The Georgia Tech Financial Analysis Lab conducts unbiased research on issues of financial reporting and analysis. Unbiased information is vital to effective investment decision-making. Accordingly, we think that independent research organizations, such as our own, have an important role to play in providing information to market participants.
Because our lab is housed within a university, all of our research reports have an educational quality, as they are designed to impart knowledge and understanding to those who read them. Our focus is on issues that we believe will be of interest to a large segment of stock market participants. Depending on the issue, we may focus our attention on individual companies, groups of companies, or on large segments of the market at large.
A recurring theme in our work is the identification of reporting practices that give investors a misleading signal, whether positive or negative, of corporate earning power. We define earning power as the ability to generate a sustainable stream of earnings that is backed by cash flow. Accordingly, our research may look into reporting practices that affect either earnings or cash flow, or both. At times our research may look at stock prices generally, though from a fundamental and not technical point of view.
Cash Flow Trends and Their Fundamental Drivers: Comprehensive Review
Quarter 1, 2015
Free Cash Margin Index:
2.43%, 3.96% (Mar. 2001, Dec. 2008)
4.39% (Mar. 2015)
7.18% (Mar. 2010)
Median free cash margin increased to 4.39% for the twelve months ended March 2015, up from 4.27% for the twelve months ended December 2014 and from 4.38% in March 2014. The metric remains in the middle range of its historical stability between 4.00% and 5.00%. A decrease in the overall cash cycle (due to a decrease in accounts receivables days) was the primary driver of the increase.
Continued topline growth suggests a strengthening economy. Median revenues within our sample increased to $789.15 million, down slightly from $798.78 million for the twelve months ended December 2014 and up 8.8% from $725.47 for the twelve months ended March 2014. Median revenues remain near all-time high levels and hover above the previous peak of $788.50 million reached during the period ending December 2012.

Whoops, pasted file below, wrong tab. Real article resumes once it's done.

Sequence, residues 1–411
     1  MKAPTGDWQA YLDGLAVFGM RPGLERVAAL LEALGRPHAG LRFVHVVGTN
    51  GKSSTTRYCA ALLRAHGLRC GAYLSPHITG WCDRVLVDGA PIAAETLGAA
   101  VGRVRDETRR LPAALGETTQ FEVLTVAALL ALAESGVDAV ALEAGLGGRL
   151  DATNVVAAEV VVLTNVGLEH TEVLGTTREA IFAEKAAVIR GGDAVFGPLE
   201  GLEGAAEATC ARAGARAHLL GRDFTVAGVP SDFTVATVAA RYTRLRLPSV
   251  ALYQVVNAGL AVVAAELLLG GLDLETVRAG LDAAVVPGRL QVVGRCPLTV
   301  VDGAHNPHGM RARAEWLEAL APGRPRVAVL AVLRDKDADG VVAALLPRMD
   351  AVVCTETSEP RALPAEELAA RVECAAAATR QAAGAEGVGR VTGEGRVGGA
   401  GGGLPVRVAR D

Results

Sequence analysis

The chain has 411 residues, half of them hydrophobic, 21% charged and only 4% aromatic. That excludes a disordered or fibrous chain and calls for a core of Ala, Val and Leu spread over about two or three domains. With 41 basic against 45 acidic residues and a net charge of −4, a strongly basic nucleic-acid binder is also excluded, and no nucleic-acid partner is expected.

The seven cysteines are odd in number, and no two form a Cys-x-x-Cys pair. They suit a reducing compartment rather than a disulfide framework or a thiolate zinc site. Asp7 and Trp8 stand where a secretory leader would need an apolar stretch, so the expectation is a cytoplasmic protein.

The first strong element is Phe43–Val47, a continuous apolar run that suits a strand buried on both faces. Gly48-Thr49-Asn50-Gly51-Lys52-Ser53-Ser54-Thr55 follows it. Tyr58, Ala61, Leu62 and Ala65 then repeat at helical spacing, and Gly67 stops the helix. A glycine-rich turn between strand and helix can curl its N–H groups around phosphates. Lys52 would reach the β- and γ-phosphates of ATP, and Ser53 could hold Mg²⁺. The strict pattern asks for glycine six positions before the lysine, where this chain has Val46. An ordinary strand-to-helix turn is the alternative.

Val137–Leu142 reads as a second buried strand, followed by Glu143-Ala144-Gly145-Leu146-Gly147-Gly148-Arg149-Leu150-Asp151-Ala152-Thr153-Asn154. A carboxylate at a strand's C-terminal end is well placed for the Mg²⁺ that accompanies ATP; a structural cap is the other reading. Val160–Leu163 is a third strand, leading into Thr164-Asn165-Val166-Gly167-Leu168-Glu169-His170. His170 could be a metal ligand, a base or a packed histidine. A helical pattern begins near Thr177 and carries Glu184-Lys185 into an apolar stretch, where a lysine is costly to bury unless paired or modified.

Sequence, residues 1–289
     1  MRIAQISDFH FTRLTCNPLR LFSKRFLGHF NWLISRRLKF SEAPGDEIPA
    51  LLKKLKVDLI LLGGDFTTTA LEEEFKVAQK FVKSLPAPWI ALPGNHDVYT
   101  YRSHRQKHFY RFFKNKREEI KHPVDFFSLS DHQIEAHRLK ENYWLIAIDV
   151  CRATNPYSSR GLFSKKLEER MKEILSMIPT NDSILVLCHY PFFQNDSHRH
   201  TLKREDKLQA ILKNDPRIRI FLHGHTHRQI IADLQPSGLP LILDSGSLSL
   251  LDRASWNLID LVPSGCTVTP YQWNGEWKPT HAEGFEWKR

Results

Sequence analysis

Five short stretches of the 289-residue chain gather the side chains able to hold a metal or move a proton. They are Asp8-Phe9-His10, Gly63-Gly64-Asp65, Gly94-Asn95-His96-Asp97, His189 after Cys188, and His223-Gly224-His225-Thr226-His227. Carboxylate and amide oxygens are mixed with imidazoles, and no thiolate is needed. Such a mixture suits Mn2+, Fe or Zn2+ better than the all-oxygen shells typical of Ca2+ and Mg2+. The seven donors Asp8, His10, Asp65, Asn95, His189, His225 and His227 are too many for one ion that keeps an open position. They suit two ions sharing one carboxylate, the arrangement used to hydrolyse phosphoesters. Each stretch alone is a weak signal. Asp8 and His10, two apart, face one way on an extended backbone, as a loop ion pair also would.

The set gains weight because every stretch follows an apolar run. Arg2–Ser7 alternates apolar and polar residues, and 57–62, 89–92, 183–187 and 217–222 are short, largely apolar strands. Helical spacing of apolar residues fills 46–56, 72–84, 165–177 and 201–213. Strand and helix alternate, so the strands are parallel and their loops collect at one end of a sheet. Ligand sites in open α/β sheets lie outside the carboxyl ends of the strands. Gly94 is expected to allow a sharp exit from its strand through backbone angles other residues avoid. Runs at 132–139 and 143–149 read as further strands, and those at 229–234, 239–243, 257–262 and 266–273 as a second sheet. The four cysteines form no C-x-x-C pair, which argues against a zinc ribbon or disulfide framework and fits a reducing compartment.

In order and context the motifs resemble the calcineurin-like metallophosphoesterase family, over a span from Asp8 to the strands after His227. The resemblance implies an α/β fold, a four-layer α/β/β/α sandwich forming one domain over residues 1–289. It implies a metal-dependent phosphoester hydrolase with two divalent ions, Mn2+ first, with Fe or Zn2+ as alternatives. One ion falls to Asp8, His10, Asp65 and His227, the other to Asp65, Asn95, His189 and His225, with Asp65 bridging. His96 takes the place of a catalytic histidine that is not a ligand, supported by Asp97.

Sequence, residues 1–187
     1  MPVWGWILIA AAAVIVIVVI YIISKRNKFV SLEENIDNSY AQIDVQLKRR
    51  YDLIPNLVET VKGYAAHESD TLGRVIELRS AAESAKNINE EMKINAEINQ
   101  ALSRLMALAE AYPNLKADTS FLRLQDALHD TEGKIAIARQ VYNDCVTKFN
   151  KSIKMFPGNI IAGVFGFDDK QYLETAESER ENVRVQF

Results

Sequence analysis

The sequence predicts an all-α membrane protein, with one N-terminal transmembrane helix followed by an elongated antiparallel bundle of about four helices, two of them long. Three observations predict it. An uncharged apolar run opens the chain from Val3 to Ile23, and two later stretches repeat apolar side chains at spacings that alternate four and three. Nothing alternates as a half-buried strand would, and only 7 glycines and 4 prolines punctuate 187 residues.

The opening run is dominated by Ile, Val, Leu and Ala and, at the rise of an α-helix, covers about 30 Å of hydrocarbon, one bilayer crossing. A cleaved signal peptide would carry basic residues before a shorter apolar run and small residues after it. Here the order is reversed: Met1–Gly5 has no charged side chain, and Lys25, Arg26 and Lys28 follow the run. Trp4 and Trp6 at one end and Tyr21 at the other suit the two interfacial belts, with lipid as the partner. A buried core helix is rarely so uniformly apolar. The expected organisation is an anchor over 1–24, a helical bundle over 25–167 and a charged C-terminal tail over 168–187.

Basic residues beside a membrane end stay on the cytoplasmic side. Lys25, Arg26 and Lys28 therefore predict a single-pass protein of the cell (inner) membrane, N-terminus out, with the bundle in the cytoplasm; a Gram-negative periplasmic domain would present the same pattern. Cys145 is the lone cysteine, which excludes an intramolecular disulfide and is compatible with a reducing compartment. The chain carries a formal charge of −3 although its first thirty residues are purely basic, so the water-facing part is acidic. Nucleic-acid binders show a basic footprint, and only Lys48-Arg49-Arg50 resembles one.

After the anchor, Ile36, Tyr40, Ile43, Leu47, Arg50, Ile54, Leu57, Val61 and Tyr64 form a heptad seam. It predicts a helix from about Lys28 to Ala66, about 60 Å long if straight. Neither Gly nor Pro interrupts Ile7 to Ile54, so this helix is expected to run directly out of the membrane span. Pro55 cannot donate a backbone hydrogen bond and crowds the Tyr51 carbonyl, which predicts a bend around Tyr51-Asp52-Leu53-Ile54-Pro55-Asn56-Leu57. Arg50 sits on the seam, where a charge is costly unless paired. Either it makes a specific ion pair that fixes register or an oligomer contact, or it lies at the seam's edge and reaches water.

The rise in free cash margin would be more substantial but for the decline in accounts payable, the primary drag on free cash margin comparative to recent periods. Inventory is up slightly at 22.78 revenue days from 22.71 revenue days in December 2014, while gross margin is down slightly to 43.06% from 43.16%. Capital expenditures to revenue increased ever so slightly to 3.52% from the previous quarter at 3.51%. Overall, accounting data for the twelve months ending with the first quarter of 2015 imply an economy that is improving, but in measured steps.
Looking at individual industries for the reporting period ending March 2015, free cash margin was stable in fifteen industries, higher in eighteen, and lower in eleven.
Data for this research were provided by Cash Flow Analytics, LLC., www.cashflowanalytics.com.
Charles Mulford is a principal in Cash Flow Analytics, LLC.
Earnings Quality: Reports on Individual Companies and Industries
In these reports we examine one or more dimensions of earnings quality: the cash flow support of earnings, the sustainability of earnings, or the quality of the balance sheet.